The Firehouse Squat on Gardiner place prior to eviction – video report


This is the story of another occupied
house or squat in central Dublin at Gardiner Place just off Parnell Square We first saw it a couple of weeks back and we called back the following day to find out what the story was. You’ll find abandoned buildings like this all over the city they are normally easy enough to spot because they have been boarded up. Because this one had been occupied the inhabitants had already removed some of the shuttering from so there is daylight. The place was nicknamed the Firehouse Squat because a couple of years previously there had been a fire that had gutted one of the rooms on the ground floor and done smoke damage to almost had voted one of the rooms on the ground floor and don’t smoke damage to almost the entire ground floor. As you went up to
thought the house though the conditions improved and it turned out to be relatively
habitable. However the ground floor and indeed the entire house had been left
abandoned for quite some considerable amount of time- as far as we were able to tell since the previous tenants had been evicted by the landlord. The
problem with that though is it turned out there was still a high court
injunction in place that had enabled there eviction and so no sooner had the
current occupants moved into the house that they too were served with an
eviction order. They then contacted Solidarity Times asking us if we perhaps
could do some video coverage of his new house that was occupied and tell the back story in the expectation that the eviction that was coming off could be
resisted. In actual fact what happened was the following Friday before nine
o’clock in the morning a very large squad of riot police turned up and using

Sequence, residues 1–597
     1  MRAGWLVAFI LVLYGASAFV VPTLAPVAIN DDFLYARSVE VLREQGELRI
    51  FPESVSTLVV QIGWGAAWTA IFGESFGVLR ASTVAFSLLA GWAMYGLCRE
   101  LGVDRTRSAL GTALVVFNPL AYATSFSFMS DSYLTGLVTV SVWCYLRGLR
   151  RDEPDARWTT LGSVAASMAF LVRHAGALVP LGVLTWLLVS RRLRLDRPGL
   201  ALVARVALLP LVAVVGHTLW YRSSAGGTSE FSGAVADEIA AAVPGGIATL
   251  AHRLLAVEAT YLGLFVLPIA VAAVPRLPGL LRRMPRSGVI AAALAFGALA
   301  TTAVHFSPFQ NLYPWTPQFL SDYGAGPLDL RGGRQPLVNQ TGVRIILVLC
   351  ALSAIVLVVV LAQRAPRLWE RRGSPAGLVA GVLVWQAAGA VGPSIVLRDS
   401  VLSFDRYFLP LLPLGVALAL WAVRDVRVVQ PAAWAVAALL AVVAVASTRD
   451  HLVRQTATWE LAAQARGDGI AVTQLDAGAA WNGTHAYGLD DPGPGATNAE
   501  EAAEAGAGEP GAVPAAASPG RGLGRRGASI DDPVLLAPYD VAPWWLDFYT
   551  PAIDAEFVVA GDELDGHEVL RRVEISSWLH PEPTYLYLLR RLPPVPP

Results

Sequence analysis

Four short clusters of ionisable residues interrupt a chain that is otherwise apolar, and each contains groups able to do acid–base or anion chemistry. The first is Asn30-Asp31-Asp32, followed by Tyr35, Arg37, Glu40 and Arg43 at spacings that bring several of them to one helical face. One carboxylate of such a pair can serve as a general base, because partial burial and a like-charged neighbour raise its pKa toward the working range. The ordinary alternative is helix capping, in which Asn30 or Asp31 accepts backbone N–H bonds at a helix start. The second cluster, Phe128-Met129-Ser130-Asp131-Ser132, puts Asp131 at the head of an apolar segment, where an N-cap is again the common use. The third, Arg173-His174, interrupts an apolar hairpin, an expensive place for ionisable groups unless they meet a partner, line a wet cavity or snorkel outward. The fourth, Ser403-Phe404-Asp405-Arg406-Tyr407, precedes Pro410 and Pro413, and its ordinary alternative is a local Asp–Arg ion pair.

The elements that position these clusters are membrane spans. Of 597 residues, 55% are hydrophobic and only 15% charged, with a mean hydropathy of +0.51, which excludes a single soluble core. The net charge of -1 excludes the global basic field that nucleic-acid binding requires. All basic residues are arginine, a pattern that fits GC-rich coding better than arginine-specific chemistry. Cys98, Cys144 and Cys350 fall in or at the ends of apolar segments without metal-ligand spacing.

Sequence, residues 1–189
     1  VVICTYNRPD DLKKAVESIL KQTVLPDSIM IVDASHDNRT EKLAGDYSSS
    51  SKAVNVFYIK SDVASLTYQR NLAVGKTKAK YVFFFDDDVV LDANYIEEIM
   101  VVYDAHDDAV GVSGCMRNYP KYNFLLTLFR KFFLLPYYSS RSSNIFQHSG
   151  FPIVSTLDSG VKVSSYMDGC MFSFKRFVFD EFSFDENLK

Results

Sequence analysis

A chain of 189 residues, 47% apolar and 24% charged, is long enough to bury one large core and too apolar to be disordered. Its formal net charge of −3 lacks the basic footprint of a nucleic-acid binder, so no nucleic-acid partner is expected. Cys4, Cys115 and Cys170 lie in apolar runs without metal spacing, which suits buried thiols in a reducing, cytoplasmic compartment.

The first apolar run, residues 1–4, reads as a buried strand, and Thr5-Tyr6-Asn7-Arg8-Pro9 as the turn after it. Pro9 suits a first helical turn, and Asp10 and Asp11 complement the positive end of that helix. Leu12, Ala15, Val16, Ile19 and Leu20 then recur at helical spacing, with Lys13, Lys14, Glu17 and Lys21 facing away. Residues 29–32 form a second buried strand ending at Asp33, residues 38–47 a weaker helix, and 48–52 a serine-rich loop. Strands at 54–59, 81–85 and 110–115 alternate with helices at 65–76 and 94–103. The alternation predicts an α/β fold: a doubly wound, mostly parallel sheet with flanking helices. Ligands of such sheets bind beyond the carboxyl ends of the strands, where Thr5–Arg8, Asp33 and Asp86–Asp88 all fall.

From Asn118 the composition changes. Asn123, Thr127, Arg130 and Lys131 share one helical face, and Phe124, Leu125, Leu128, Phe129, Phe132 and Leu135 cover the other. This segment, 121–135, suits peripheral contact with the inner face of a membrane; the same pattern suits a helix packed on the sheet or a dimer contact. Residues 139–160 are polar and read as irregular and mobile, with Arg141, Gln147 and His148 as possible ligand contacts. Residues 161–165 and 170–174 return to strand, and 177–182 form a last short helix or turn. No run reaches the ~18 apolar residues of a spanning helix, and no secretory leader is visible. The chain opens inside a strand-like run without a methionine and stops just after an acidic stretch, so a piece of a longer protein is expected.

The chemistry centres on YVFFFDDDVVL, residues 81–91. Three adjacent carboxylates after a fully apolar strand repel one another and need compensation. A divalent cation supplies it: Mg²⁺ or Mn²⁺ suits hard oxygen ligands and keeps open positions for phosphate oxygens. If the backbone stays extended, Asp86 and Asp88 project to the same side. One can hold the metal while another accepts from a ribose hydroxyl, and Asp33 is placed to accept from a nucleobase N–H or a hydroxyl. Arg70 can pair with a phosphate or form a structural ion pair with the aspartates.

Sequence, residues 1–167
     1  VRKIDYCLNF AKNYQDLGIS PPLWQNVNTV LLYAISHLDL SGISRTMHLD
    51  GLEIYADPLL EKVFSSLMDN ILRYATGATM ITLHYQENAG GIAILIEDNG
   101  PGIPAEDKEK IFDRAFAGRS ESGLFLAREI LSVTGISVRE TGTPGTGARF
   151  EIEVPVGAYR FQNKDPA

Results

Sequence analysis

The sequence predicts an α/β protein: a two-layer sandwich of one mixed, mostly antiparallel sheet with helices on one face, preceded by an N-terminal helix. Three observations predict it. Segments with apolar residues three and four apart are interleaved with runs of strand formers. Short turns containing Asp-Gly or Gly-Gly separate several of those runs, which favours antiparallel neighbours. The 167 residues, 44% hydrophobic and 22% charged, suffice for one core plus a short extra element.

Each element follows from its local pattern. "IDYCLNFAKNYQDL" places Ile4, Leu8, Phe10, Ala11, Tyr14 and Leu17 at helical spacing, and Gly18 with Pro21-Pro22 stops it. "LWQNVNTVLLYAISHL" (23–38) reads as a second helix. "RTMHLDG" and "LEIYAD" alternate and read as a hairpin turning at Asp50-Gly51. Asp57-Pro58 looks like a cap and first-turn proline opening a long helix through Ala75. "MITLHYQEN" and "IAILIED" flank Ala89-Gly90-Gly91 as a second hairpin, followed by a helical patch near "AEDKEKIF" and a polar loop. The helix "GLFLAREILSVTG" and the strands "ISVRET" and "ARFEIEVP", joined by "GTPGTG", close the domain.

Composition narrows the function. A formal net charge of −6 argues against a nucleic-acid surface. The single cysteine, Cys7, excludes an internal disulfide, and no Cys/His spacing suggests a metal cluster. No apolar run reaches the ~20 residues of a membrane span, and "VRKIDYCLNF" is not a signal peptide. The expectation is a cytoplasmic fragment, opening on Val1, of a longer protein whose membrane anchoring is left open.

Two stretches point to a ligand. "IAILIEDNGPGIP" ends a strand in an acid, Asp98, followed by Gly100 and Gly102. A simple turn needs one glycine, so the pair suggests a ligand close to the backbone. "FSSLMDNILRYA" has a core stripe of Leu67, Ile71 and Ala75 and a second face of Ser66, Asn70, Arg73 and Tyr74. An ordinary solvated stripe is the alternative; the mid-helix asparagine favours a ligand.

it kind of Roman tortise shield type formation smashed their way through the
doors, charged into the house grabbed the occupants and dragged them down to the High Court where they had to pledge to actually leave the premises. So this
Firehouse squat is once more an abandoned house. A familiar Dublin pattern where evictions
simply generate homelessness As anyone who has been following
Solidarity Times over the last month will know that this is a typical story
of the struggle that’s been going on in central Dublin particularly north
central Dublin where there’s a huge number of abandoned buildings and where people have occupied those buildings in order to convert them once more into homes. Many of these occupations have been met with eviction; some of these evictions
have been illegal and violend involving heavies; some of these have followed
court proceedings and a couple have followed injunctions. The best known of them of course being eviction of the Grangegorman complex about 4 months back. Its significanct that if you go down to that complex today you’ll see it still
lies more or less abandoned. In fact at least some of the
people in this particular occupation would have also been involved in those
previous occupations and they have had the experience over the last few months of being evicted from one home they’ve made after the other All so that these buildings can be turned